5 Christian men among 35 killed in series of attacks in Burkina Faso

Burkina Faso
A church in Burkina Faso. The recent kidnappings of two Christian church leaders has created an atmosphere of anxiety among Christian communities in the northeastern part of the country. |

At least five Christian men and 30 others were reportedly killed during a spate of recent attacks in northern Burkina Faso, a region plagued by Islamic extremist violence in recent years.

A source told the interdenominational aid charity Barnabus Fund, an England-based nonprofit assisting the persecuted Church worldwide, that a total of 35 people were killed late last month during a series of attacks in the Bam Province. 

However, it is unclear as to who is responsible.

The unnamed source said that attacks began on Sept. 21 when assaults on three villages resulted in the murders of nine people.

Two days later, nine more were allegedly killed — including the five Christian men from the same family — in attacks on the Bourzanga district’s Pissele and Boulkiba villages. 

Then again on Sept. 28, 10 people were said to have been killed in the village of Komsilga. The death count in Komsilga includes a person who was kidnapped and later found dead.

Later in the evening of Sept. 28, seven more were reportedly killed during attacks on the villages of Deneon, Singa and Norde.

Although Burkina Faso had been known for years as a relatively peaceful country, a rise in violent attacks carried out by Islamic extremist factions in Burkina Faso has taken place since 2016.

According to the Africa Center for Strategic Studies, there were 137 violent events that occurred in Burkina Faso in 2018 leading to 149 fatalities. But by mid-2019 those numbers had already been exceeded as the center recorded at least 191 episodes of violence and 324 fatalities by the end of July. 

Three terrorist groups have been most active in Northern Burkina Faso. Those include the Islamic State in the Greater Sahara, the Macina Liberation Front, and Ansaroul Islam. 

The rise in violence has caused hundreds of thousands to flee from their homes and villages.

According to the source who spoke with Barnabas Fund in the Bam Province, at least 19,000 have fled the area to the provincial capital Koungoussi.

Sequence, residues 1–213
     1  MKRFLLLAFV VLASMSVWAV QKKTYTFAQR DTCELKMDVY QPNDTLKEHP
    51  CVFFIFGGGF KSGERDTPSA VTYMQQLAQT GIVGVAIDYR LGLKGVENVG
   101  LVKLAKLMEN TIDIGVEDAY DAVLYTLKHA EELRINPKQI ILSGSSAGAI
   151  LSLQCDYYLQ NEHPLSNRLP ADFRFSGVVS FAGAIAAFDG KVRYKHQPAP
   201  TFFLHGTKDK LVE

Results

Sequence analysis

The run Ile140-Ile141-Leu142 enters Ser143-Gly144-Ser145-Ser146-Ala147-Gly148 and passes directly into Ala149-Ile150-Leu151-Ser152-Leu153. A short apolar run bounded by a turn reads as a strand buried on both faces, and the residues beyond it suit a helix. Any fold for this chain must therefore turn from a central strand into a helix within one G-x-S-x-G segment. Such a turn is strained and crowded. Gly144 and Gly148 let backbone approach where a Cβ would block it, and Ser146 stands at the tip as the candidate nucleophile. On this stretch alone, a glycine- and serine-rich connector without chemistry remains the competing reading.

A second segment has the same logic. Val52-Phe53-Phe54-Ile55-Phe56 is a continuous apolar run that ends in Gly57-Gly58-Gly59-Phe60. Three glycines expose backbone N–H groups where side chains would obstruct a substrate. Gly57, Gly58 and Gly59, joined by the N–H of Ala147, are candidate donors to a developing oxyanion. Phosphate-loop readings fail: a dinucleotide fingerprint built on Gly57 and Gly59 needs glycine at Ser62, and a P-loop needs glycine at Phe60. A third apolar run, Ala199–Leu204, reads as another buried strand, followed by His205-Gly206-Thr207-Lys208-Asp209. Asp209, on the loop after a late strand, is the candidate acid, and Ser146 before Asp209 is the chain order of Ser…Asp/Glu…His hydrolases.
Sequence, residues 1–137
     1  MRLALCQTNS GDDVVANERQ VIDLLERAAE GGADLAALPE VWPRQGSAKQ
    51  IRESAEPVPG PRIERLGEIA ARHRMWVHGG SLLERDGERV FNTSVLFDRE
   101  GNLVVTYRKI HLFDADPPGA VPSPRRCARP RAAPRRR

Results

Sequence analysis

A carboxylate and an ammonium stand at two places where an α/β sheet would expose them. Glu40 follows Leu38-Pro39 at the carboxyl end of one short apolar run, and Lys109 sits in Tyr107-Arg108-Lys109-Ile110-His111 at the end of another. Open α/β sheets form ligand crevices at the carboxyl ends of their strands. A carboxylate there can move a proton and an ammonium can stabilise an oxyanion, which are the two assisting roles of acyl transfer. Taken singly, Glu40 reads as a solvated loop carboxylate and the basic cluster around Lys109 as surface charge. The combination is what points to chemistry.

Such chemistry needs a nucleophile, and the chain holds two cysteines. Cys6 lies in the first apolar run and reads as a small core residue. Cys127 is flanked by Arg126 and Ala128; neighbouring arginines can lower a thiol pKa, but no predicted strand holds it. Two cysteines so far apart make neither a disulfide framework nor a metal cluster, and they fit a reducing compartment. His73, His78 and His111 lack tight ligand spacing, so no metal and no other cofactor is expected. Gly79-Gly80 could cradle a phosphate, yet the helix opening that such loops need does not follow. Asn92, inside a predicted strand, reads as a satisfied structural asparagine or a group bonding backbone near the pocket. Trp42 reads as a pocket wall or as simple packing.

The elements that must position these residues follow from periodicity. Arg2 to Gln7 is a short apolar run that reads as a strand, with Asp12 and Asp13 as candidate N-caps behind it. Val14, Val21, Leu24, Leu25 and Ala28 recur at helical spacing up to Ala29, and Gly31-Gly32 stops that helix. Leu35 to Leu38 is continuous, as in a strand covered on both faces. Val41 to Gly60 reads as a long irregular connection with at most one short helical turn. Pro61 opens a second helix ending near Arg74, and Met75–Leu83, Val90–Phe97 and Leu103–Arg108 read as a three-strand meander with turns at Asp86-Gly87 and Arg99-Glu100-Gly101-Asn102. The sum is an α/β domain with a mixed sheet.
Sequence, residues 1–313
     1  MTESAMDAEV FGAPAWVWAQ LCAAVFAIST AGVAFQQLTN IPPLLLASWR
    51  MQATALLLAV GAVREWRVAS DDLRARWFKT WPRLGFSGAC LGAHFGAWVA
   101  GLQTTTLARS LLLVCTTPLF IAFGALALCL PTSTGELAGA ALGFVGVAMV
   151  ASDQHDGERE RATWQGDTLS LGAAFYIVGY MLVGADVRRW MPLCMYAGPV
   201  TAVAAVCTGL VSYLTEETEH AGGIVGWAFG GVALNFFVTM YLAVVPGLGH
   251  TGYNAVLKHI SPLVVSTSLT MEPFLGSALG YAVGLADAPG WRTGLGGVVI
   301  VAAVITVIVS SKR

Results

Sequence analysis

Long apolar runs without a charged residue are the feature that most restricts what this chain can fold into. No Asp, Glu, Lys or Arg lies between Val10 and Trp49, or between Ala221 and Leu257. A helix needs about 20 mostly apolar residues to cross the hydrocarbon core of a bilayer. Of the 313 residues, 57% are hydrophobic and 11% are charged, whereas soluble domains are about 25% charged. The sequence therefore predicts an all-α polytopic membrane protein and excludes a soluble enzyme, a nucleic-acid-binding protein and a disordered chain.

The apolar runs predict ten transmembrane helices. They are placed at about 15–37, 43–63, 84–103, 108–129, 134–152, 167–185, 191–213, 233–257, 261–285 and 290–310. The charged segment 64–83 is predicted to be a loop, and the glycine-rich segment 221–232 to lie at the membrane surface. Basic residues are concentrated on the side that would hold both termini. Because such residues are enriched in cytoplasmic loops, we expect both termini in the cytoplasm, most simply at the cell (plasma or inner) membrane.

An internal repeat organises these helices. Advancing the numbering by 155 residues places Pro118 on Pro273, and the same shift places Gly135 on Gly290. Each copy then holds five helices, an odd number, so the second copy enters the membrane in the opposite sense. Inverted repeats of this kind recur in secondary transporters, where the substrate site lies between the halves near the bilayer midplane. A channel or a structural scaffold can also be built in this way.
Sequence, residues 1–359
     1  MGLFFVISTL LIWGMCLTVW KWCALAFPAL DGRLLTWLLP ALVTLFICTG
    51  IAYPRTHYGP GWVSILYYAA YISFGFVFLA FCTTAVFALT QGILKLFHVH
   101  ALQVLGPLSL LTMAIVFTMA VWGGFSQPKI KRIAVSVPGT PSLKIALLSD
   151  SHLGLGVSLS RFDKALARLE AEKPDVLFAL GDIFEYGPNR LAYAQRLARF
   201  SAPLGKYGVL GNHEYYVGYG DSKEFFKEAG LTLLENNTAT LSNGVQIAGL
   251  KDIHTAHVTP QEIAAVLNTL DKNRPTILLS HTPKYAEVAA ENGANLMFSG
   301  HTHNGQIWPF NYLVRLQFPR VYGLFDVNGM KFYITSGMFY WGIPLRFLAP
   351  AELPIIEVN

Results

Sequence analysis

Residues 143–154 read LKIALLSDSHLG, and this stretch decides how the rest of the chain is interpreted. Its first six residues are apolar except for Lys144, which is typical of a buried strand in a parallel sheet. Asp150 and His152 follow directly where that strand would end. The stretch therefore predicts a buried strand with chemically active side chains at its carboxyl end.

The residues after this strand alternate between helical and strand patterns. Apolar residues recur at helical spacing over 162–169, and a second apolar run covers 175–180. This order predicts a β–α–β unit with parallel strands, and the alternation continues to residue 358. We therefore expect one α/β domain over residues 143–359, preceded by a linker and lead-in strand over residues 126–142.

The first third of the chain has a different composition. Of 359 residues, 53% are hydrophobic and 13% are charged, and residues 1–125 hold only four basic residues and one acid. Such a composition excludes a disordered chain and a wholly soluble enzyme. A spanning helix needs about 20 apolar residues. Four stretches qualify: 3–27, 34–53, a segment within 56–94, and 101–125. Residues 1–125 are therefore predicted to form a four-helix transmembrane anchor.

The United Nations reported last month, that as many as 1.5 million people in Burkina Faso are in need of humanitarian assistance as over 289,000 people have been displaced. Most of the nearly 300,000 people who fled the violence in Burkina Faso were displaced in 2019.

According to the U.N., an average of 30,000 people have been displaced from their homes each month since the beginning of 2019. 

While extremist attacks in Burkina Faso have not exclusively targeted Christians, Christians in the area believe they are being targeted. 

Last month, the Catholic Charity Aid to the Church in Need reported on an ultimatum that was said to have been issued by Islamic extremists to Christian villagers in Loroum villages of Hitté and Rounga.

A local source claimed that the villagers were ordered to leave their homes within three days or convert to Islam. As a result, over 2,000 people have fled from those two villages alone. 

“They are by no means the only ones facing this situation,” the source was quoted as saying at the time. “[R]ather, they are just part of a program by the jihadists who are deliberately sowing terror, assassinating members of the Christian communities and forcing the remaining Christians to flee after warning them that they will return in three days’ time — and that they do not wish to find any Christians or catechumens still there.”

A source from the town of Arbinda told Barnabas Fund earlier this year that there were no more Christians left in that town after attacks by an extremist outfit.

“It's proven that they were looking for Christians,” the source claimed. “Families who hide Christians are killed. Arbinda had now lost a total of no less than 100 people within six months.”

On June 27, an attack reportedly occurred in the northern Diocese of Ouahigouya in which four villagers wearing crucifixes were reportedly killed for being Christian. 

The president of the Episcopal Conference of Burkina Faso and Niger, Bishop Laurent Dabiré, voiced concern in August that if the international community does not help stop the jihadi violence, “the result will be the elimination of the Christian presence in this area and quite possibly, in future, from the entire country.” 

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